May 2008
Volume 8, Issue 6
Vision Sciences Society Annual Meeting Abstract  |   May 2008
How sleep influences our memory for faces
Author Affiliations
  • Bhavin Sheth
    Department of Electrical and Computer Engineering, University of Houston, and Center for NeuroEngineering and Cognitive Science, University of Houston
  • Ngan Nguyen
    University of Houston
  • Davit Janvelyan
    California Institute of Technology
Journal of Vision May 2008, Vol.8, 876. doi:
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      Bhavin Sheth, Ngan Nguyen, Davit Janvelyan; How sleep influences our memory for faces. Journal of Vision 2008;8(6):876.

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      © ARVO (1962-2015); The Authors (2016-present)

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Mounting evidence implicates sleep in the consolidation of learnt memories. It has to be shown if sleep helps consolidate memory for face identity, a form of memory critical for appropriate social interactions in humans. We investigated how sleep facilitates the consolidation of face recognition memory and whether it can selectively consolidate memories of behaviorally significant stimuli. In the presentation phase, observers passively viewed faces on green or blue backgrounds, which were respectively categorized as highly significant (S) or not (nS). Remembering correctly the S (nS) faces on the test gained the observer 20 (1) points. In the test phase, observers saw old and new faces randomly mixed on a gray background and judged if they remembered seeing each before. Sixty-four participants were classified, according to the times of presentation and test, into four equal-sized groups—i) PM-AM, ii) AM-PM, iii) PM-PM (24 hours), and iv) AM-AM (24 hours). Memory strength (d') was evaluated for each group. We tested the following explanatory factors for our results: sleep occurrence, occurrence of sleep after presentation, occurrence of sleep before test, duration between presentation and test, occurrence of visual stimulation, occurrence of visual stimulation after presentation, and occurrence of visual stimulation before test. We found that the occurrence of sleep before test was the key factor in explaining the facilitatory effect of sleep on memory for face recognition: PM-AM and AM-AM groups had similar d's that were significantly higher than the d's of AM-PM and PM-PM groups, which were similar to each other's. We also found that assigning behavioral significance to certain faces did not improve their recognition. Our findings thus suggest that sleep does not consolidate one's memory for faces but rather sleep prior to test shelters the memory for faces from interference (exposure), and exposure to faces while awake might disrupt it.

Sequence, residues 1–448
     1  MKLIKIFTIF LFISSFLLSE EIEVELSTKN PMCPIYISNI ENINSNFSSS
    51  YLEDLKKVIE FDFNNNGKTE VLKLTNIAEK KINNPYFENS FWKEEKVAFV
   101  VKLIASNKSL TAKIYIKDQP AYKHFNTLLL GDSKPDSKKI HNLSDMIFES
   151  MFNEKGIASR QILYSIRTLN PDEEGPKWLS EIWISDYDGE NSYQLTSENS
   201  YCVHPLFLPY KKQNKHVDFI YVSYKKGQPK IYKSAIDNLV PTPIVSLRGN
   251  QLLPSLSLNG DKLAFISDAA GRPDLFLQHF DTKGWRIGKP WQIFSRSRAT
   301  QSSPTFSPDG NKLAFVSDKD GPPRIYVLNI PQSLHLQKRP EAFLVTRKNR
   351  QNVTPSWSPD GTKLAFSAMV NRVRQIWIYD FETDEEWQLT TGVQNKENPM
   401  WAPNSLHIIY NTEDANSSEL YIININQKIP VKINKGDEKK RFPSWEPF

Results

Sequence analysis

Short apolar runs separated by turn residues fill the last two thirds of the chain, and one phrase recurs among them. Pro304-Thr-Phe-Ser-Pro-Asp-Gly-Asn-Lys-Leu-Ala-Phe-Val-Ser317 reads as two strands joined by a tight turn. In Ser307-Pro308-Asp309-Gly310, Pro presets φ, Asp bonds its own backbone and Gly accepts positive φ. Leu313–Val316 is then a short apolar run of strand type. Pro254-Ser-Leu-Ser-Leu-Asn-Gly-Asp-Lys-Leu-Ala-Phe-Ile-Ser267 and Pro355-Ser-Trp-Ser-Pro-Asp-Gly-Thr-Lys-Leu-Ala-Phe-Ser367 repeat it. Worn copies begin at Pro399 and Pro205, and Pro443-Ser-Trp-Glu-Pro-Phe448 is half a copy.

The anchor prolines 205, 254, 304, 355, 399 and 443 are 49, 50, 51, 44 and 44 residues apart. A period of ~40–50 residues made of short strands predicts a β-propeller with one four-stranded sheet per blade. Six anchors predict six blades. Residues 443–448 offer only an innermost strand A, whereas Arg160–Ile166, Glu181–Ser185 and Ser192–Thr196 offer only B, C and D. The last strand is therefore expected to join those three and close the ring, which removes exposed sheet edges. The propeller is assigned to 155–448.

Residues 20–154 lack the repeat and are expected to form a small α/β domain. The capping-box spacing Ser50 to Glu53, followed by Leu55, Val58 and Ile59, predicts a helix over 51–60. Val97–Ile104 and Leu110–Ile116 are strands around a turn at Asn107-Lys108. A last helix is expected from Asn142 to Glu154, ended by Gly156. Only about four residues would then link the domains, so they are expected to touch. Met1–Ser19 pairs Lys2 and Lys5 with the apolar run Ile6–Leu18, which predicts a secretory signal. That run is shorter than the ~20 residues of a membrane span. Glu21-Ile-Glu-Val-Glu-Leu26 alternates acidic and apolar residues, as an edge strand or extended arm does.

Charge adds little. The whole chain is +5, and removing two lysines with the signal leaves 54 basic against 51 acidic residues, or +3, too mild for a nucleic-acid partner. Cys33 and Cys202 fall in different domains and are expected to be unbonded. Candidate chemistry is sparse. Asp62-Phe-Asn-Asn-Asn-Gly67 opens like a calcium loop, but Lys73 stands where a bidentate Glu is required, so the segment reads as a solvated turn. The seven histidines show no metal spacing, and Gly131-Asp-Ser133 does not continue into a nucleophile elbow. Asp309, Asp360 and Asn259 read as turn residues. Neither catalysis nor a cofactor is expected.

Sheth, B. Nguyen, N. Janvelyan, D. (2008). How sleep influences our memory for faces [Abstract]. Journal of Vision, 8(6):876, 876a,, doi:10.1167/8.6.876. [CrossRef]

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